Tagged: Star Model B

Warren Oates’ Brown Striped Suit as Dillinger

Warren Oates as John Dillinger in Dillinger (1973)

Warren Oates as John Dillinger in Dillinger (1973)

Vitals

Warren Oates as John Dillinger, Depression-era bank robber

Indiana, Fall 1933

Film: Dillinger
Release Date: July 20, 1973
Director: John Milius
Costume Designer: James M. George

Background

Eighty four years ago tonight – November 15, 1933. Four police cars converge on a small office building on Irving Park Boulevard in the Chicago Loop. In an upstairs doctor’s office, one of the most wanted men in the tri-state area is being treated for either a ringworm infection or “barber’s itch,” an inflammation of hair follicles, depending on which account you read. On the floor below, a cagey informant named Art McGinnis is signaling desperately to police that their quarry is upstairs. Fate, however, is on the side of the outlaw, a thirty-year-old bank robber named John Dillinger. Continue reading

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The Last Run: Harry’s Navy Flannel Jacket

George C. Scott as Harry Garmes in The Last Run (1971).

George C. Scott as Harry Garmes in The Last Run (1971).

Vitals

George C. Scott as Harry Garmes, washed-up expatriate getaway driver

Portugal, Spring 1971

Film: The Last Run
Release Date: July 7, 1971
Director: Richard Fleischer
Wardrobe Supervisor: Annalisa Nasalli-Rocca

WARNING! Spoilers ahead!

Background

The Last Run is a relatively obscure crime flick from the early ’70s that starred George C. Scott, fresh off of his Oscar-winning turn in Patton, as a retired Bogart-esque criminal living the easy expatriate life in Europe à la Hemingway when he is called back for the proverbial “one last job”. Of course, anyone who’s ever seen any movie ever knows that “one last job” is never quite as easy as it sounds, and our aging protagonist finds himself facing more than he bargained for when driving escaped killer Paul Rickard (Tony Musante) and his girlfriend Claudie Scherrer (Trish Van Devere) across Portugal and Spain into France. Continue reading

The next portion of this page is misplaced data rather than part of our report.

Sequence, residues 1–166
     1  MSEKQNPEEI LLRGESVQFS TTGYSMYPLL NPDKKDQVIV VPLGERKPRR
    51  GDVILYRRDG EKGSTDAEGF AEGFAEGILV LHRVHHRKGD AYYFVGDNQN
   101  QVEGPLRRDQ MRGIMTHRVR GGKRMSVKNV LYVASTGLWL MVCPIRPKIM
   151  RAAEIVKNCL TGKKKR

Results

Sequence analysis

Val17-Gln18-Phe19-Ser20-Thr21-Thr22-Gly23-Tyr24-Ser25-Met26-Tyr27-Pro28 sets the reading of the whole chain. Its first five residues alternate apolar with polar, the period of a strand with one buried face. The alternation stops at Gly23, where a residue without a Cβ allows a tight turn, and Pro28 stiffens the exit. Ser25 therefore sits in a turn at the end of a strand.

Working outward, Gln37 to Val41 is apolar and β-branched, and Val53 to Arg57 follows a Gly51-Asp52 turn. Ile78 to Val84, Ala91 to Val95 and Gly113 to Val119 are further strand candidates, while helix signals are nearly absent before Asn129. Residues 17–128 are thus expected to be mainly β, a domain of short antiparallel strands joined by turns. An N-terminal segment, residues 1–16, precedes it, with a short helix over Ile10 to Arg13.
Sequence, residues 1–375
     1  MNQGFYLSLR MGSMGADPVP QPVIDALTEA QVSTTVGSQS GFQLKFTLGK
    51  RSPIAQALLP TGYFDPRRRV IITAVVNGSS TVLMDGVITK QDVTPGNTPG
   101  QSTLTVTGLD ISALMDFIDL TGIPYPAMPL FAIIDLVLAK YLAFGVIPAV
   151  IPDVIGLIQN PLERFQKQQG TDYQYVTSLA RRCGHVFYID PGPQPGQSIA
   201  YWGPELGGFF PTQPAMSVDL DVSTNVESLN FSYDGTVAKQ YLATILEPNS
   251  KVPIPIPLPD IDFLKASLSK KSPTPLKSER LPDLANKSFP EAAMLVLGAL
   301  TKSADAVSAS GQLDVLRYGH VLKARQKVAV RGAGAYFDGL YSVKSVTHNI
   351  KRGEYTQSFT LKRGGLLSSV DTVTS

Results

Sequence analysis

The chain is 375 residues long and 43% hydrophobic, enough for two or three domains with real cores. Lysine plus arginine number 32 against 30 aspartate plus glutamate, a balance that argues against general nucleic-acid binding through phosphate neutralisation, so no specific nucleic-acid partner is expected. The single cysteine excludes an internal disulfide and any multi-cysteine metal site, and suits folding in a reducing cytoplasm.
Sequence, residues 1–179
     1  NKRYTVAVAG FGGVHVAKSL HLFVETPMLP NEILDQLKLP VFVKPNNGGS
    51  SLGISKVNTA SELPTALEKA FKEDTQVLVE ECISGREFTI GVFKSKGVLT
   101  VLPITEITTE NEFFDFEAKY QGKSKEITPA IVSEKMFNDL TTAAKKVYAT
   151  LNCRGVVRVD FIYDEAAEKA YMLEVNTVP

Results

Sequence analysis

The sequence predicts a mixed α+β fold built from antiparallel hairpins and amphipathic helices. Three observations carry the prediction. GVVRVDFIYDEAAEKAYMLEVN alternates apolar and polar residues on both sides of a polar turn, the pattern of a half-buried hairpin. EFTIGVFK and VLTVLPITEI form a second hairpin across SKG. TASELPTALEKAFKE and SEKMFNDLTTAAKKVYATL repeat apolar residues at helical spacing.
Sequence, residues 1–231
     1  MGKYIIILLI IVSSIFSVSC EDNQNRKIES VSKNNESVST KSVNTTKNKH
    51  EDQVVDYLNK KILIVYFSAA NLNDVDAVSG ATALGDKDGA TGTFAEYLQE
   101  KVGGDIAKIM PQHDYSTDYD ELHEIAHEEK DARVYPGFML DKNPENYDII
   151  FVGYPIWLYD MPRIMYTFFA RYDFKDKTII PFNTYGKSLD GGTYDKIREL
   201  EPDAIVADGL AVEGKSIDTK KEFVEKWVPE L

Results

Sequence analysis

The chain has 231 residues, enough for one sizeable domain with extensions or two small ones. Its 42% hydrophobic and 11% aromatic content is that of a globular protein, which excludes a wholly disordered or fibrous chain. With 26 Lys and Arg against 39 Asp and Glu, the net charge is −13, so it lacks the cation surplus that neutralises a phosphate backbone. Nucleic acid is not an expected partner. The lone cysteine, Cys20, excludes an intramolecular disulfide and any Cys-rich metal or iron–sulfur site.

The Last Run: Harry’s Leather Jacket and BMW 503

George C. Scott as Harry Garmes, next to a BMW 503 convertible in The Last Run (1971).

George C. Scott as Harry Garmes, next to a BMW 503 convertible in The Last Run (1971).

Vitals

George C. Scott as Harry Garmes, washed-up expatriate getaway driver

Portugal, Spring 1971

Film: The Last Run
Release Date: July 7, 1971
Director: Richard Fleischer
Wardrobe Supervisor: Annalisa Nasalli-Rocca

Background

Car Week continues today with a recommendation from Craig, a great BAMF Style commenter who also was kind enough to send a DVD copy my way this year!

The Last Run finds George C. Scott, freshly awarded for his Oscar-winning performance as General George S. Patton, playing an aging ex-mob driver living in seclusion in Portugal. He is tapped for “one last job” – as so many retired movie criminals are – to drive a fugitive and his young girlfriend into France. What follows is an underrated action piece that was accurately tagged “In the spirit of Hemingway and Bogart”. Continue reading

William Holden in The Wild Bunch

William Holden as Pike Bishop in The Wild Bunch (1969).

William Holden as Pike Bishop in The Wild Bunch (1969).

Vitals

William Holden as Pike Bishop, grizzled bandit gang leader

Coahuila, Mexico, Spring 1913

Film: The Wild Bunch
Release Date: June 18, 1969
Director: Sam Peckinpah
Costume Designer: James R. Silke

Background

We’ve got to start thinking beyond our guns. Those days are closing fast.

…is what Pike Bishop wisely tells his men, an aging group of outlaws still anachronistically robbing banks and trains on horseback with a six-shooter on their hips. Pike knows the times are changing, and it doesn’t take a water-cooled machine gun or a Mexican general’s Packard to drive the point home to them.